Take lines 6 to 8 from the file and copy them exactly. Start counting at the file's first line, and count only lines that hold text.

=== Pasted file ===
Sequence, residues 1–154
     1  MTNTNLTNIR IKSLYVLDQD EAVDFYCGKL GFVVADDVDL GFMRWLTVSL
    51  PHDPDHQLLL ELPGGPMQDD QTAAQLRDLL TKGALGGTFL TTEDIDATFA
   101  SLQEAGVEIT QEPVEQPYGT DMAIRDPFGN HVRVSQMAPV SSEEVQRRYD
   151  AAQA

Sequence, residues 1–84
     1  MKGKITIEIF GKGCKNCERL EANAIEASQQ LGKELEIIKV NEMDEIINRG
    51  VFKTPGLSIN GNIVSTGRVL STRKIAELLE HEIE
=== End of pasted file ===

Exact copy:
Sequence, residues 1–84
     1  MKGKITIEIF GKGCKNCERL EANAIEASQQ LGKELEIIKV NEMDEIINRG
    51  VFKTPGLSIN GNIVSTGRVL STRKIAELLE HEIE